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Home / Smart Harvest

Deadly viral disease that is brought to the farm by new animals

The clinical signs of Foot and Mouth Disease include fever and painful blisters between the hooves. [Jenipher Wachie, Standard]

My farm has suffered two episodes of Foot and Mouth Disease (FMD). The initial attack was blamed on lack of vaccination. I had not vaccinated and from that time about three years ago I took vaccinations seriously until late last year when I suffered another attack. The attack hit after I brought in a new calf. The seller told me he had vaccinated it against FMD and other diseases. When it happened, I quickly isolated the animal and called in a vet who treated it. Kindly educate me on this disease. [George Njoroge, Kiambu]

Thank you Njoroge for reaching out to us. Indeed, FMD is an economically important disease because it leads to great losses when it strikes.

What is Foot and Mouth Disease?

The disease is fatal in calves and in adult animals while it may not kill, it results in lesions that are painful and recovered animals rarely attain optimal productivity.

FMD affects cattle, pigs, sheep and goats. Globally, there are seven strains of the virus that causes the disease. This is important when vaccinating to ensure you use a vaccine that covers the specific strains.

The Kenya Veterinary Vaccines and Production Institute (KEVEVAPI) has a vaccine that is a combination of the four strains found in Kenya. Initially, this was a main reason for vaccination failures because of admission of a vaccine with the wrong strain.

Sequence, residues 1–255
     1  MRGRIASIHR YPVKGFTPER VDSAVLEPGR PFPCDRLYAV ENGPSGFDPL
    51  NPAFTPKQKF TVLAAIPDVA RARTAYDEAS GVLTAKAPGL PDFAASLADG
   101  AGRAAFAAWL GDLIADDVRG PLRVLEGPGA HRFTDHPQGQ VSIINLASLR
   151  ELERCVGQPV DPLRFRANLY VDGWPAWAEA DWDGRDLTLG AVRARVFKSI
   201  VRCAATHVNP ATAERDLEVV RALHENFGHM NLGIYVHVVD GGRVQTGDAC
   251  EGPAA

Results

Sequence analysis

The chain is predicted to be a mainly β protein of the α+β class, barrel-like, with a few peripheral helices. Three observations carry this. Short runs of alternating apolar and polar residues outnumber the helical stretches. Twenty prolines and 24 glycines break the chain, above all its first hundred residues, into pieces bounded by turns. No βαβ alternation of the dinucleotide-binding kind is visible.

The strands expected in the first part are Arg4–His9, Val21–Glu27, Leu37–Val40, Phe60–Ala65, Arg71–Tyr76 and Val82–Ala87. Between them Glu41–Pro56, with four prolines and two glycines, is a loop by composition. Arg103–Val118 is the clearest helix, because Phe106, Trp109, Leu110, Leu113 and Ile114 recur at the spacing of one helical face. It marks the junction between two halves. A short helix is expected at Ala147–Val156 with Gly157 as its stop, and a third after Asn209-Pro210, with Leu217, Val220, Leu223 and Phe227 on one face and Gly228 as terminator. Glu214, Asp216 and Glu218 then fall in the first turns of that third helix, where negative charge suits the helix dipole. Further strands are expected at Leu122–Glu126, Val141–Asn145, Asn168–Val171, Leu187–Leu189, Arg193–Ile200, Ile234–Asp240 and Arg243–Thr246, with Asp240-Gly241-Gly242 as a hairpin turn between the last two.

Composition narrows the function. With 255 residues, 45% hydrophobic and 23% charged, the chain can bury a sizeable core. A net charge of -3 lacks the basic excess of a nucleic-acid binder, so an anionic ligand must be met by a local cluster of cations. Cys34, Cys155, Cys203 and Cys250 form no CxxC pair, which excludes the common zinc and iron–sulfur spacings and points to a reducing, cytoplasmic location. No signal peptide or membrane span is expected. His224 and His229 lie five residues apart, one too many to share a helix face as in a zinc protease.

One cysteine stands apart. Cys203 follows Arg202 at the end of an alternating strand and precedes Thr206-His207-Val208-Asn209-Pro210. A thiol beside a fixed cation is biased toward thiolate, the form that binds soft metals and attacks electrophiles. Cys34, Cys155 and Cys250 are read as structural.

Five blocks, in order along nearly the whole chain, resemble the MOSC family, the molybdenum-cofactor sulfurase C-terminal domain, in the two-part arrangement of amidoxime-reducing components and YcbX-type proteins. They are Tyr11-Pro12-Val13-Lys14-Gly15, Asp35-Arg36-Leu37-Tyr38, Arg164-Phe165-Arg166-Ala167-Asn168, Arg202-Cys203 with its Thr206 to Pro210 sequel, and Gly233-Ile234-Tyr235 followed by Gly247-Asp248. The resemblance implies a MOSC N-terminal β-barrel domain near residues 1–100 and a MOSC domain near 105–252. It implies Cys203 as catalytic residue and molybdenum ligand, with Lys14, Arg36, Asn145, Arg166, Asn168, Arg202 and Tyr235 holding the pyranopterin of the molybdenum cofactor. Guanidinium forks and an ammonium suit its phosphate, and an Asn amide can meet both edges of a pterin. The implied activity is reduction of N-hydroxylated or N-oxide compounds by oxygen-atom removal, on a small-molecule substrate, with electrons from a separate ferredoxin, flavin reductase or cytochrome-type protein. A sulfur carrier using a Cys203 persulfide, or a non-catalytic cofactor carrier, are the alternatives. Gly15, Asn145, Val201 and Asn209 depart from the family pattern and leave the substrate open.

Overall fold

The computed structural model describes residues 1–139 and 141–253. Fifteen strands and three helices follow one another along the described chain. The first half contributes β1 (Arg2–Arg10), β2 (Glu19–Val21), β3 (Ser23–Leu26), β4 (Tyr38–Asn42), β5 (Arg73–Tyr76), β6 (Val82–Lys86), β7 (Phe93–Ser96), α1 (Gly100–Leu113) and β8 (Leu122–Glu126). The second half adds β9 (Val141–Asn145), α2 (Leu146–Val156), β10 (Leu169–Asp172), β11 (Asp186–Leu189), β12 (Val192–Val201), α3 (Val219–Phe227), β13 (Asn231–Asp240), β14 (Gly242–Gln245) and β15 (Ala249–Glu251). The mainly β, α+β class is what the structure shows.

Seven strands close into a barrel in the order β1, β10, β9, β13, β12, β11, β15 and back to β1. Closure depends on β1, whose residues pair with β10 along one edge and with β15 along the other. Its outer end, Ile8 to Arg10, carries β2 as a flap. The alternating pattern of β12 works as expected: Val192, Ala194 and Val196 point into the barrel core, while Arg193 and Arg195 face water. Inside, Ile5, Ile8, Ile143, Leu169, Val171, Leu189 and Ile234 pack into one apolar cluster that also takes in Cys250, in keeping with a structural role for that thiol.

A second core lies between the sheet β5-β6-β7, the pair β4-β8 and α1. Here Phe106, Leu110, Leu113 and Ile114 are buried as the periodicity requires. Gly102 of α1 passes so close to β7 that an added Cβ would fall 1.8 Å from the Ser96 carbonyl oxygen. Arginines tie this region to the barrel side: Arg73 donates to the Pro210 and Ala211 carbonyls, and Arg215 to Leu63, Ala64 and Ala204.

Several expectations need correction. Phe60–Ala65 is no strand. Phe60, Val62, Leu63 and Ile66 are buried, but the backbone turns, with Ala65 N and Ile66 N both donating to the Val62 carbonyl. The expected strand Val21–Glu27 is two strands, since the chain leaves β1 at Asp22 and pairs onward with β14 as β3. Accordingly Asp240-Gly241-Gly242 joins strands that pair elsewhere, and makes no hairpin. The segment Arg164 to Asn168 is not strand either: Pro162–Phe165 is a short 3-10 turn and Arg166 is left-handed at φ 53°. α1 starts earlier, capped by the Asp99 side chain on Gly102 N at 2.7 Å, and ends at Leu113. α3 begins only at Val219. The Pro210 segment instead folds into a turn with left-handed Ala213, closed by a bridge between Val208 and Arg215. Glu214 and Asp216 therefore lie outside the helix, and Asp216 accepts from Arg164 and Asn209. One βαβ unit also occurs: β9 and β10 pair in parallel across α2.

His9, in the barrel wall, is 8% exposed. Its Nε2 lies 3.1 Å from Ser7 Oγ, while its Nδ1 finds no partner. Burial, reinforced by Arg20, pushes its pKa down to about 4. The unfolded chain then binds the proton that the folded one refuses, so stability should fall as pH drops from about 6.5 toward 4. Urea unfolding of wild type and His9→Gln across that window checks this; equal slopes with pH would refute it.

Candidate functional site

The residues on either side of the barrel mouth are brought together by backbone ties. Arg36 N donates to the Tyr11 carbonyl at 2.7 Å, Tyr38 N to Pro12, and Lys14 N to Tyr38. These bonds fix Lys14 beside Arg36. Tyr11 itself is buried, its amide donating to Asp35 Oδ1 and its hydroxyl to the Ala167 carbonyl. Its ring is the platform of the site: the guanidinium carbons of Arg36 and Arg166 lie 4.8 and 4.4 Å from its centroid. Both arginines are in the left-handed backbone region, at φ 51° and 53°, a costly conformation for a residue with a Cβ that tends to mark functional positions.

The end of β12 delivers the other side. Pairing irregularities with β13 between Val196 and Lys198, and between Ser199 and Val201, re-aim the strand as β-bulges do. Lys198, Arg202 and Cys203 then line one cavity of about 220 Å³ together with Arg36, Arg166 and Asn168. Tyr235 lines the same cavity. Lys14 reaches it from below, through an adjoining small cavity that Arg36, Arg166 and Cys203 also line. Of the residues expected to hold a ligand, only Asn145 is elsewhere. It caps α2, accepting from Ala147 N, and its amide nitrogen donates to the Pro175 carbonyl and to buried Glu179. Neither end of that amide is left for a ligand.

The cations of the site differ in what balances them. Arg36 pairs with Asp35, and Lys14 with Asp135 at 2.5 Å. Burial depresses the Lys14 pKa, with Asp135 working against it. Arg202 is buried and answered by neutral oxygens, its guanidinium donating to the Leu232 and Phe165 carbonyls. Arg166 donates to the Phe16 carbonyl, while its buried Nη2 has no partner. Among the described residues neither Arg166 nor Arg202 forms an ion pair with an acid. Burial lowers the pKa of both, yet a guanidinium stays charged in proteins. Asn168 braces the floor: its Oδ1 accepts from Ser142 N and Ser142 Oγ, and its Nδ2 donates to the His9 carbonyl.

They include fever and painful blisters in the mouth, lips and between the hooves. These clinical signs give the disease the name.

The viruses that spread the disease are readily available in saliva and contents of the blisters. These are easily shed and can contaminate feeds, beddings and farms.

If an FMD disease outbreak situation is noted in a herd, quarantine is imposed and the main principle behind this is to prevent spread of the virus via animals, machinery and people.

Prevention and control

FMD is effectively and affordably controlled through vaccination. KEVEVAPI has an oil-based FMD vaccine that should be administered annually by a veterinary doctor. It is given to animals that are more than three months old.

It is possible the farmer who sold Njoroge the calf might not have vaccinated the animal. All vaccines require strict professional handling and certain temperature to be maintained.

For example, the FMD vaccine requires to be stored at 2-8 degrees centigrade (refrigerated) any thing outside this can render the vaccine ineffective. The vaccine is available in 15, 30 and 80 doses vail from KEVEVAPI. Other preventive measures include strict human and livestock traffic control in and out of the farm.   

[The writer was the Vet of the Year Award winner and works in the Division of Communication and Vet Advisory Services within the Directorate of Veterinary Services; [email protected]]


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